"My conscience is my boss, and my conscience dictates rules that are extremely, I’d say, grand — they’re rough but beautiful," Christiane Taubira said.
By SCOTT SAYARE
Published: August 9, 2013
PARIS — CHRISTIANE TAUBIRA was taken aback, she says, though not altogether surprised, at the “brutality” of the opposition to the same-sex marriage bill she shepherded into French law this year.
“Societies have their resistances,” said Ms. Taubira, 61, a diminutive, fiery woman from French Guiana who serves as France’s minister of justice. “There are those who, for their own sense of security, but also by choice — by doctrinal choice, that is to say by their choice of model — choose to hold on to old images.”
She has been the object of similar resistances herself, she says. She once wrote that she “became black in Paris,” though not by choice, and she has not been made to forget her otherness.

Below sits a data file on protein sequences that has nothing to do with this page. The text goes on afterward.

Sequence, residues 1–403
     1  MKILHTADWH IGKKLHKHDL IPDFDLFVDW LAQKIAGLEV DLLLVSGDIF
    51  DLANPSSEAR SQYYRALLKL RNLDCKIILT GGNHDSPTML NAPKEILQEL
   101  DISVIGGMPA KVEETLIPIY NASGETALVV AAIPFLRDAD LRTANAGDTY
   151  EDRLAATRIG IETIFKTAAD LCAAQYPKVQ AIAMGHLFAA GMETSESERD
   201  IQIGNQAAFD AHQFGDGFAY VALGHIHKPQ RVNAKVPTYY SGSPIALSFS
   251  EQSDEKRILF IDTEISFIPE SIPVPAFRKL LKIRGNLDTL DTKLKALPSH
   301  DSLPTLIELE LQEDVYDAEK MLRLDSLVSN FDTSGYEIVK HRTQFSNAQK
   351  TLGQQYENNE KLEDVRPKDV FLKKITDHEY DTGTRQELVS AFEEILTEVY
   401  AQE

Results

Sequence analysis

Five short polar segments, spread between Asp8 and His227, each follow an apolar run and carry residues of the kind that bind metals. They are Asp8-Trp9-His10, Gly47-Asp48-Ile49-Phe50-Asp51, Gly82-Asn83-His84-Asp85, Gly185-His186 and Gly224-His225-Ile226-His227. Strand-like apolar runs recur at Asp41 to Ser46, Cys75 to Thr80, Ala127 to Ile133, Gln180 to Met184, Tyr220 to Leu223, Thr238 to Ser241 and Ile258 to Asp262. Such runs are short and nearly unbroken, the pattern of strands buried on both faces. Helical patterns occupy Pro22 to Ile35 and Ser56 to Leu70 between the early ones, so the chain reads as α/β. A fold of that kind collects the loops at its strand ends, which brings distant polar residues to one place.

In protest chants this year, opponents of the marriage bill initially identified themselves as “families” — “Taubira, you are beat, families are in the street!” — but later as “the French,” Ms. Taubira recalled, as if to cast her as a foreigner. There were more overt racist slurs, as well, she said.
“I don’t believe there have been other protests, or that it would be conceivable that a protest address another minister with the slogan ‘You are beat, the French are in the street,’ ” said Ms. Taubira, who has tight-braided cornrows and a slight vocal lilt. “There’s a message of exclusion. So, I hear it! That’s all. I want to be lucid. I know what’s going on, I know what a word means, what an attitude signifies, but it is out of the question that a word or an attitude determine my life or my behavior.”
She remains sensitive to her difference, though, an outspoken woman of color in a position of considerable visibility and influence; few have come before her in France.